Strings on Sunday

I’ve told this story before, exactly two years ago as it happens, so if you read it back then, feel free to skip this.

When I lived in Cardiff, for several years my local pub was The Tut’n’Shive on City Road. I got to know the bar staff in there to the point where some of them became friends, and we would hang out socially.

Tuesday night in the Tut was quiz night, hosted by a chap called Nigel, who didn’t look anything like the sort of person one normally associates with the name; he rocked the surfer dude rather than the former Chancellor of the Exchequer look.

The final round of the quiz was always a music round, where Nigel would play ten records and you had to correctly name the song and artist. Having gained a bit of a reputation as a music buff, I found myself in demand, and ended up joining the bar staff’s team.

Anyway, one Friday night I was on a works do, in a joint called Bar Med, which was supposed to be a ‘Mediterranean-style cafe bar’, which it wasn’t, unless you count having tables and chairs outside during the daytime as being Mediterranean, which I don’t.

There was a DJ playing on that particular Friday night, playing some truly awful chart records to a largely indifferent crowd. I realised it was Nigel, so I went over for a chat. Nigel wasn’t happy, as he had been instructed to only play ‘cheesy’ records by the bar’s management. I attempted to reassure him by pointing out that it was fairly early, and I was pretty sure that once people had got a few more drinks inside them, they would probably loosen up a bit and venture onto the dancefloor.

“Are you taking requests?” I asked.

“As long as it’s a cheesy one, yes,” replied Nigel.

I suggested today’s tune.

Nigel stared at me.

“Not that cheesy, I draw the line there.”

Well, this is my pub and my rules, and as you all know, I have no ruck with things like standards, so here it is:

R-49623-1490626855-2626_jpeg

Yomanda – Synths & Strings

More soon.

Sunday Morning Coming Down

It’s Mother’s Day, which means it’s the day that I normally post Merle Haggard’s Mama Tried here.

But no. Not this year.

There’s a running joke in our family that this is how I was when I was younger:

I wish I could protest, but with the benefit of hindsight, that’s a pretty fair depiction of me in my teenage years: contrary, confrontational, argumentative, just plain downright stroppy.

My Dad worked away a lot when I was a kid, often overseas, something which we’ve talked about since; I think he regrets not being around as much as he would have liked as my brother and I grew up, and that he had to leave much of the parental guidance duties to my Mum.

The truth is that for much of my teenage years, I viewed Mother as an adversary, someone to be defeated wherever possible, tiny victories writ large in my budding psyche. It wasn’t till many years later that I came to view my Mum in the way I see her now: the most loyal friend I’ve ever had, and ever will have.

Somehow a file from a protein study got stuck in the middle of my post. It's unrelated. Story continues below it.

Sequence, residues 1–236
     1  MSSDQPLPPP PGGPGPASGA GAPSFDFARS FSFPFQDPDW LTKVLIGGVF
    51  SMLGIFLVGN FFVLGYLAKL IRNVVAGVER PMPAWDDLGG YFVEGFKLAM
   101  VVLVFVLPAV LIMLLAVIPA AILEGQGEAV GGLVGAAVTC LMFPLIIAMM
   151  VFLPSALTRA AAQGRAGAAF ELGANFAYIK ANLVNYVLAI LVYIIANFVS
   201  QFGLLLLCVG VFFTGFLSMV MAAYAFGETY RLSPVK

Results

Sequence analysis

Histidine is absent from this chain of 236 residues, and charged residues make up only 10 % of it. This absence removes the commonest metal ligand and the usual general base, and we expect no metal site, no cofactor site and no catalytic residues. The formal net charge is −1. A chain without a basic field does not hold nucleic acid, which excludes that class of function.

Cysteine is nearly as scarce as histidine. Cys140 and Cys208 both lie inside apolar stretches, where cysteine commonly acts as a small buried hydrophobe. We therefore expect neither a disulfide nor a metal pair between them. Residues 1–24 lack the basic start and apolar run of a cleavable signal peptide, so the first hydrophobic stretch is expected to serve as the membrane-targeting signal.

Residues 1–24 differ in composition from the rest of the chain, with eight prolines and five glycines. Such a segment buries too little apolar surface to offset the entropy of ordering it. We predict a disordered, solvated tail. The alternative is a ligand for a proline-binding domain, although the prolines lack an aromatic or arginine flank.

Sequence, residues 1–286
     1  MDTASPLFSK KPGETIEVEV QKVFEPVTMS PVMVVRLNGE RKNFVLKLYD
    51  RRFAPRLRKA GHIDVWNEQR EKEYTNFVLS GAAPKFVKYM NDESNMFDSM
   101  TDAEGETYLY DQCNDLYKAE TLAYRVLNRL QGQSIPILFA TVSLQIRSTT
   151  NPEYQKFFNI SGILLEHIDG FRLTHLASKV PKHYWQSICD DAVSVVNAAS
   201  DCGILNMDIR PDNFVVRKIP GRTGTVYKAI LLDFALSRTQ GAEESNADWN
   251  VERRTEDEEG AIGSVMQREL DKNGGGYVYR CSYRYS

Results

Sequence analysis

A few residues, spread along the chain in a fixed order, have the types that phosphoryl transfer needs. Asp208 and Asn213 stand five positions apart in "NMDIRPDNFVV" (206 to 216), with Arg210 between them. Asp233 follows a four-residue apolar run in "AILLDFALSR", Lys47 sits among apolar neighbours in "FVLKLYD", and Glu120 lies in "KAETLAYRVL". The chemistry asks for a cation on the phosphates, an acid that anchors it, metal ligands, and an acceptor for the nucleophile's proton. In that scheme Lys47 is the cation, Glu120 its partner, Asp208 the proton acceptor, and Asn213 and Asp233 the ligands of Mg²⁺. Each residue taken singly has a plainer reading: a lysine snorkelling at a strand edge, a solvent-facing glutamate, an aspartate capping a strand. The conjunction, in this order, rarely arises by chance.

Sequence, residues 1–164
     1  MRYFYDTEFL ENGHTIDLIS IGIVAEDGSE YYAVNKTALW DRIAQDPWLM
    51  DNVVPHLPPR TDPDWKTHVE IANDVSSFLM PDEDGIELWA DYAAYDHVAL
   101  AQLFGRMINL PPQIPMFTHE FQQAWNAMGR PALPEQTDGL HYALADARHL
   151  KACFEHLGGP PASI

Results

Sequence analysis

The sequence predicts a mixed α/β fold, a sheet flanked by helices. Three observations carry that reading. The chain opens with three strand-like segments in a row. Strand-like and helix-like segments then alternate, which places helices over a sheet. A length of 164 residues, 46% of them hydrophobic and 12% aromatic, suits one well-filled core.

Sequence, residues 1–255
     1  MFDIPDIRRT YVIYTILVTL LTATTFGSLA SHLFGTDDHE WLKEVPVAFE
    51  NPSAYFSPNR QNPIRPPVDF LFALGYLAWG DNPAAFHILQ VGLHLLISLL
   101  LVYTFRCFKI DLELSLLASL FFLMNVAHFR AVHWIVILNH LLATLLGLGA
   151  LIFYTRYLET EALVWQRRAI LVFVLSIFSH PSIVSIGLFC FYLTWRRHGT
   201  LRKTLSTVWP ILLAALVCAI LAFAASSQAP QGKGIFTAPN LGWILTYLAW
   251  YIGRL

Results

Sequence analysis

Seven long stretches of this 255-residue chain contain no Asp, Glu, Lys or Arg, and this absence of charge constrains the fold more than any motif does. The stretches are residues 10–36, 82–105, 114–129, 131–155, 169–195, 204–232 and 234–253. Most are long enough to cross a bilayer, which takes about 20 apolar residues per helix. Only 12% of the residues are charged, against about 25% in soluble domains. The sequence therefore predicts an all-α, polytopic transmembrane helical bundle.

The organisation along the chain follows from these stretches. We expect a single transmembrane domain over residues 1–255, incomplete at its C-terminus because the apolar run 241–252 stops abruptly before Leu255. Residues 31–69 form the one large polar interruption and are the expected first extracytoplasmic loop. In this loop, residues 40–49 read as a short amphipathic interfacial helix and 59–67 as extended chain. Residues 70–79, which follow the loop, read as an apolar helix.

And I remember the day that particular penny dropped. I had just split up with a girlfriend I don’t think either of my parents particularly liked anyway. The split was not in the slightest bit amicable, but when you find out your girlfriend is sleeping with somebody else, there’s only one way the relationship is going to go if you want to retain any sense of dignity or self-worth.

And so it was that one night, drunk, unhappy and alone, I did what I’d heard normal people do when they’re sad. I called my Mum.

She listened as I spilled my heart out, making the right soothing noises as I blubbed through a snot-bubble nose. And when I was spent, her first question was to ask me if I’d heard from an old girlfriend (who they liked, and who I used to bump into around Cardiff every now and then); the sheer audacity, the why-do-you-give-a-fuck-about-her?-she’s-not-even-the-lost-girlfriend-you-should-regret-ness of the question made me laugh and perspective was restored.

See, Mums know best.

So, I thought today I would try and honour my mother and the sage advice she has given me over the years (“Turn that bloody music down”, “You don’t get dessert unless you finish your main”, “You’re not going out dressed like that”, “Please don’t set light to that”) and track down a different country song that referenced mothers or their advice.

The problem is that I tracked down many country songs with Mama in the title, but most of them seem to end up using the word Mama to refer to a partner or lover, which is a whole area I don’t think any of us really want to get into.

But then I stumbled across today’s choice, which seems to pretty much sum things up:

R-2761749-1299871184_jpeg

Johnny Paycheck – I’m the Only Hell (Mama Ever Raised)

I suspect that’s not his real surname, by the way.

More soon.